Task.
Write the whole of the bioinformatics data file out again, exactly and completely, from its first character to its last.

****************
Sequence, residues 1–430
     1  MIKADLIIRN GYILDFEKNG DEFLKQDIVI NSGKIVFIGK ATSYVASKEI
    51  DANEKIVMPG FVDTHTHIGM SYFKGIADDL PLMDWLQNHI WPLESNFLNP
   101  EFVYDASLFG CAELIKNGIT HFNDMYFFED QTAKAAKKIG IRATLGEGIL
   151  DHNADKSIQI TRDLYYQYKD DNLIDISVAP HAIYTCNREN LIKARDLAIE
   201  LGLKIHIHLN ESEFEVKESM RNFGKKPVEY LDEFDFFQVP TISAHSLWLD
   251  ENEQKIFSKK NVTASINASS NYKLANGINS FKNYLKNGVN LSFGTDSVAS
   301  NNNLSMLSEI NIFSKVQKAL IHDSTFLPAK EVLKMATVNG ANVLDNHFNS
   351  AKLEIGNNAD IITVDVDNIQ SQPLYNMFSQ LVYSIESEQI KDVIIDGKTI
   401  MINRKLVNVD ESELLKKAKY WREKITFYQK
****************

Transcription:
Sequence, residues 1–430
     1  MIKADLIIRN GYILDFEKNG DEFLKQDIVI NSGKIVFIGK ATSYVASKEI
    51  DANEKIVMPG FVDTHTHIGM SYFKGIADDL PLMDWLQNHI WPLESNFLNP
   101  EFVYDASLFG CAELIKNGIT HFNDMYFFED QTAKAAKKIG IRATLGEGIL
   151  DHNADKSIQI TRDLYYQYKD DNLIDISVAP HAIYTCNREN LIKARDLAIE
   201  LGLKIHIHLN ESEFEVKESM RNFGKKPVEY LDEFDFFQVP TISAHSLWLD
   251  ENEQKIFSKK NVTASINASS NYKLANGINS FKNYLKNGVN LSFGTDSVAS
   301  NNNLSMLSEI NIFSKVQKAL IHDSTFLPAK EVLKMATVNG ANVLDNHFNS
   351  AKLEIGNNAD IITVDVDNIQ SQPLYNMFSQ LVYSIESEQI KDVIIDGKTI
   401  MINRKLVNVD ESELLKKAKY WREKITFYQK